President Donald Trump (left) and Moncef Slaoui, head of Operation Warp Speed (Alex Brandon, AP Images)

UP­DAT­ED: White House names fi­nal­ists for Op­er­a­tion Warp Speed — with 5 ex­pect­ed names and one no­table omis­sion

A month after word first broke of the Trump Administration’s plan to rapidly accelerate the development and production of a Covid-19 vaccine, the White House has selected the five vaccine candidates they consider most likely to succeed, The New York Times reported.

Most of the names in the plan, known as Operation Warp Speed, will come as little surprise to those who have watched the last four months of vaccine developments: Moderna, which was the first vaccine to reach humans and is now the furthest along of any US effort; J&J, which has not gone into trials but received around $500 million in funding from BARDA earlier this year; the joint AstraZeneca-Oxford venture which was granted $1.2 billion from BARDA two weeks ago; Pfizer, which has been working with the mRNA biotech BioNTech; and Merck, which just entered the race and expects to put their two vaccine candidates into humans later this year.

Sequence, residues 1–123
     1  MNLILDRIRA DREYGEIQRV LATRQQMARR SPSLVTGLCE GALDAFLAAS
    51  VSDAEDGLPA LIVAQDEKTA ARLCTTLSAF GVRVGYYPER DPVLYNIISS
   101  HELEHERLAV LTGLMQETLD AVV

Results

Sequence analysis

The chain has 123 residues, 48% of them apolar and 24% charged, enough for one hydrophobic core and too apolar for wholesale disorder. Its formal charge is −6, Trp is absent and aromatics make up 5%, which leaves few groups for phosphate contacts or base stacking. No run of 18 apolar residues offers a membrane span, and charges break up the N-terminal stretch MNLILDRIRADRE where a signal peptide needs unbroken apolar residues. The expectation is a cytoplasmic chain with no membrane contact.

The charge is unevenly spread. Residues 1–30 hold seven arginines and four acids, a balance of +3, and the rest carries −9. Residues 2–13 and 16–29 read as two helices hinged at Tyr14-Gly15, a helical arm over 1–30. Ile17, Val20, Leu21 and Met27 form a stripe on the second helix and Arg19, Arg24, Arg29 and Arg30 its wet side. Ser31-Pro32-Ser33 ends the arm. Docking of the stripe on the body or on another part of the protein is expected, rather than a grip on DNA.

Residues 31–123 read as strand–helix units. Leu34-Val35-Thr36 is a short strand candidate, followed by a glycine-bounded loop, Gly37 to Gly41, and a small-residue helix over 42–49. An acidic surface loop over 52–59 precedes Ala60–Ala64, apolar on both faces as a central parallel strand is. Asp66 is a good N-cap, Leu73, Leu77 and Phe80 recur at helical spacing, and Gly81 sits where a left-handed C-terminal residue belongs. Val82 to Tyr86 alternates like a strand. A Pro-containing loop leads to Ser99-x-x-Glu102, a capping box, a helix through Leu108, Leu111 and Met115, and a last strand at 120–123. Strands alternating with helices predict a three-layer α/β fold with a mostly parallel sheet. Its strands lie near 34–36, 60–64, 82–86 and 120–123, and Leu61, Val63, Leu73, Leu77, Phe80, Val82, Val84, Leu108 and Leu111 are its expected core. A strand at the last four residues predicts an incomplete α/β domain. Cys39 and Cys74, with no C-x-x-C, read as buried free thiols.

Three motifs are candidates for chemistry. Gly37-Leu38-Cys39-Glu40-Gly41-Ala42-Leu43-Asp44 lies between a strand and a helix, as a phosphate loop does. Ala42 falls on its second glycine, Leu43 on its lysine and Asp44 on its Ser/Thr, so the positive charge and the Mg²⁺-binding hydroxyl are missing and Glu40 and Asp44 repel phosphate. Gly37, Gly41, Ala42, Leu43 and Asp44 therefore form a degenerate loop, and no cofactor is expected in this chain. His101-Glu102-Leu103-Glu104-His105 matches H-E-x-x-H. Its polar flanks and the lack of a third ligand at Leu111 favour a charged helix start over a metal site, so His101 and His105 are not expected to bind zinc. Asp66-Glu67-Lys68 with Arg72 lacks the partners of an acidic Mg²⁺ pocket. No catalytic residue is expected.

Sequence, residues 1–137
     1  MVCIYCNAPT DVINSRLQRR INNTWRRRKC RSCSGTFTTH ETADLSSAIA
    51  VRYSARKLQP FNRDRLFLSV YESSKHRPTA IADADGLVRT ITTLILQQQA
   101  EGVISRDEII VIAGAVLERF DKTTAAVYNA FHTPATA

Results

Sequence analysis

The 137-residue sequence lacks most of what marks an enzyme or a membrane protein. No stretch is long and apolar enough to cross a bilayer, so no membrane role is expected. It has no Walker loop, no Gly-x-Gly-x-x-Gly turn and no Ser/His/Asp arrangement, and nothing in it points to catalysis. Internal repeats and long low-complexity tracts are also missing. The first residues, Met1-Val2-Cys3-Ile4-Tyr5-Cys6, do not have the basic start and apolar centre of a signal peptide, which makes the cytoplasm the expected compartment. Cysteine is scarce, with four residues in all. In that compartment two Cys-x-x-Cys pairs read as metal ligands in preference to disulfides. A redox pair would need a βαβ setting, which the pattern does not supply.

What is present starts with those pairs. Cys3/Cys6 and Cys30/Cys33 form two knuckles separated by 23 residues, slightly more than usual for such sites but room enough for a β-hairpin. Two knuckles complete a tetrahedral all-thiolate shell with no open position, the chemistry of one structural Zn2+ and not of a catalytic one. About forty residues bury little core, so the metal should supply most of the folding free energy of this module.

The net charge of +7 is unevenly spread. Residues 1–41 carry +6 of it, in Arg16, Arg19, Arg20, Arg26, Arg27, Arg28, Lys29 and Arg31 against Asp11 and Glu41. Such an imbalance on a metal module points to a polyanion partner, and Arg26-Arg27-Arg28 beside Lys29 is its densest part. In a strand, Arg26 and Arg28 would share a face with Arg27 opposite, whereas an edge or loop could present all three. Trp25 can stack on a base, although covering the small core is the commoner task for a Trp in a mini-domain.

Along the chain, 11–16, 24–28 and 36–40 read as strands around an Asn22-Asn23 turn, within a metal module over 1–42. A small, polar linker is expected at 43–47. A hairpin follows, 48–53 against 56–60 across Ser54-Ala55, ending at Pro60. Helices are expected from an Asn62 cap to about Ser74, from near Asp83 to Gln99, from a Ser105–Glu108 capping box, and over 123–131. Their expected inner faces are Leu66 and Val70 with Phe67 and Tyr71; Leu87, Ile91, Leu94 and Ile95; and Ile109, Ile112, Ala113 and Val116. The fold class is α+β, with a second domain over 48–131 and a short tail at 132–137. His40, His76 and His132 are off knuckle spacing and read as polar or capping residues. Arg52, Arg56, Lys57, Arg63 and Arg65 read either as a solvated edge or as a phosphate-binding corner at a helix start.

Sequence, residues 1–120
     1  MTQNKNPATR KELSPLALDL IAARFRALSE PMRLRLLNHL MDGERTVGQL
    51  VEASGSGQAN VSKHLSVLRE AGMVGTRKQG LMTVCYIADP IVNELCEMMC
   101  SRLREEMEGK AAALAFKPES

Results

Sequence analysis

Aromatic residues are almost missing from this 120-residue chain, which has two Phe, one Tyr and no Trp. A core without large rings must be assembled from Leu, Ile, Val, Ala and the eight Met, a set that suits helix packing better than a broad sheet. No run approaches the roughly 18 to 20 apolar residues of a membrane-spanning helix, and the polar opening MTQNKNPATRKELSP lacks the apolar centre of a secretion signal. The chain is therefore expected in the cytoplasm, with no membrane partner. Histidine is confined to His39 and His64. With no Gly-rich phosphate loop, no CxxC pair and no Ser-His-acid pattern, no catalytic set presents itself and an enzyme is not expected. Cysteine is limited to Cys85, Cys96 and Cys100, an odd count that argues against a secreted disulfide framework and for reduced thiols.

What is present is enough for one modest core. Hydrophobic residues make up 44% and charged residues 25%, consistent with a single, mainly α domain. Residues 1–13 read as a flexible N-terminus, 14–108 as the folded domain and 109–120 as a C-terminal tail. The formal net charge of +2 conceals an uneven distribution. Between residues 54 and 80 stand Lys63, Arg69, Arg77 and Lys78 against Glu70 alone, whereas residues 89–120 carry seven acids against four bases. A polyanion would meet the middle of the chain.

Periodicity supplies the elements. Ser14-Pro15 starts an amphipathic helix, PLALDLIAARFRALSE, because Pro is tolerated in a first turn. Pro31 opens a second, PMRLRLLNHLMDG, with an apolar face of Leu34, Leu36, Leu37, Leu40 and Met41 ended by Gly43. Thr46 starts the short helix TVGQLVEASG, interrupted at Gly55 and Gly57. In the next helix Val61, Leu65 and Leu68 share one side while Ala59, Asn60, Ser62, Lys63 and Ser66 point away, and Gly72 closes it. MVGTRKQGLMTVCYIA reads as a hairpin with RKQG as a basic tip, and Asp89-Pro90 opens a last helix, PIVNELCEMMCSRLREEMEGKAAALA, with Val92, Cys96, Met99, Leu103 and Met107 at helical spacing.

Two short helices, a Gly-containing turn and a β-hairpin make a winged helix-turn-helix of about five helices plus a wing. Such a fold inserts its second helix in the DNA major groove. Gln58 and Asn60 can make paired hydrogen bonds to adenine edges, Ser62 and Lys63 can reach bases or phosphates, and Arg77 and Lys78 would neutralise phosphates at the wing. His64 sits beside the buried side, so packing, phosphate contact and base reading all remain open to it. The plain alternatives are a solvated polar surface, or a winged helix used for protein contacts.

Is a pow­er­house Mer­ck team prepar­ing to leap past Roche — and leave Gilead and Bris­tol My­ers be­hind — in the race to TIG­IT dom­i­na­tion?

Roche caused quite a stir at ASCO with its first look at some positive — but not so impressive — data for their combination of Tecentriq with their anti-TIGIT drug tiragolumab. But some analysts believe that Merck is positioned to make a bid — soon — for the lead in the race to a second-wave combo immuno-oncology approach with its own ambitious early-stage program tied to a dominant Keytruda.

Endpoints Premium

Premium subscription required

Unlock this article along with other benefits by subscribing to one of our paid plans.